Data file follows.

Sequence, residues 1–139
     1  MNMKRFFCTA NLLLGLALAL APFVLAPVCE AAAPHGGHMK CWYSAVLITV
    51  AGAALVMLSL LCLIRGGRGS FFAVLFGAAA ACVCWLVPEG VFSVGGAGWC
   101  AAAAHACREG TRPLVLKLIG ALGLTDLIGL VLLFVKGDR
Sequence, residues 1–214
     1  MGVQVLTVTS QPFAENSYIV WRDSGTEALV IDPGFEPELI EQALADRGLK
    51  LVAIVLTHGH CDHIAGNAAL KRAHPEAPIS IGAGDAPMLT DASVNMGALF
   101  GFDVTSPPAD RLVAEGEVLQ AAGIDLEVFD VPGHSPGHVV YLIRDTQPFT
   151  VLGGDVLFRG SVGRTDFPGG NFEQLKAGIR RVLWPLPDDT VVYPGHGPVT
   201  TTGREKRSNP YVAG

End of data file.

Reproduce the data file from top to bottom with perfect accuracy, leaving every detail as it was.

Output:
Sequence, residues 1–139
     1  MNMKRFFCTA NLLLGLALAL APFVLAPVCE AAAPHGGHMK CWYSAVLITV
    51  AGAALVMLSL LCLIRGGRGS FFAVLFGAAA ACVCWLVPEG VFSVGGAGWC
   101  AAAAHACREG TRPLVLKLIG ALGLTDLIGL VLLFVKGDR
Sequence, residues 1–214
     1  MGVQVLTVTS QPFAENSYIV WRDSGTEALV IDPGFEPELI EQALADRGLK
    51  LVAIVLTHGH CDHIAGNAAL KRAHPEAPIS IGAGDAPMLT DASVNMGALF
   101  GFDVTSPPAD RLVAEGEVLQ AAGIDLEVFD VPGHSPGHVV YLIRDTQPFT
   151  VLGGDVLFRG SVGRTDFPGG NFEQLKAGIR RVLWPLPDDT VVYPGHGPVT
   201  TTGREKRSNP YVAG